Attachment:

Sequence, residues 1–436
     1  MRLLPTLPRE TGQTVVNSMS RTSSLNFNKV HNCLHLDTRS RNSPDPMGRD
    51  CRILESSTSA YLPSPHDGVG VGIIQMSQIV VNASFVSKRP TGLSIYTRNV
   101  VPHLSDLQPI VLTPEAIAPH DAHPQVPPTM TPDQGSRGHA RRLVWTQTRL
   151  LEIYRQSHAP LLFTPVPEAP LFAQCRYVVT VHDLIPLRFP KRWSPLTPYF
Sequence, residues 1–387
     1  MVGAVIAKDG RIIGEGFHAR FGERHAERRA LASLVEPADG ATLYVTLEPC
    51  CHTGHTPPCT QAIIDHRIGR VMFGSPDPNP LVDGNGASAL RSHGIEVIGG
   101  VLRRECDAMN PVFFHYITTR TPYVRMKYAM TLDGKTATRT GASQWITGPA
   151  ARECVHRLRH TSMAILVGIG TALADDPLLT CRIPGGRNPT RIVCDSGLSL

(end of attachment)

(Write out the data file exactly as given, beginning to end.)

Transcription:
Sequence, residues 1–436
     1  MRLLPTLPRE TGQTVVNSMS RTSSLNFNKV HNCLHLDTRS RNSPDPMGRD
    51  CRILESSTSA YLPSPHDGVG VGIIQMSQIV VNASFVSKRP TGLSIYTRNV
   101  VPHLSDLQPI VLTPEAIAPH DAHPQVPPTM TPDQGSRGHA RRLVWTQTRL
   151  LEIYRQSHAP LLFTPVPEAP LFAQCRYVVT VHDLIPLRFP KRWSPLTPYF
Sequence, residues 1–387
     1  MVGAVIAKDG RIIGEGFHAR FGERHAERRA LASLVEPADG ATLYVTLEPC
    51  CHTGHTPPCT QAIIDHRIGR VMFGSPDPNP LVDGNGASAL RSHGIEVIGG
   101  VLRRECDAMN PVFFHYITTR TPYVRMKYAM TLDGKTATRT GASQWITGPA
   151  ARECVHRLRH TSMAILVGIG TALADDPLLT CRIPGGRNPT RIVCDSGLSL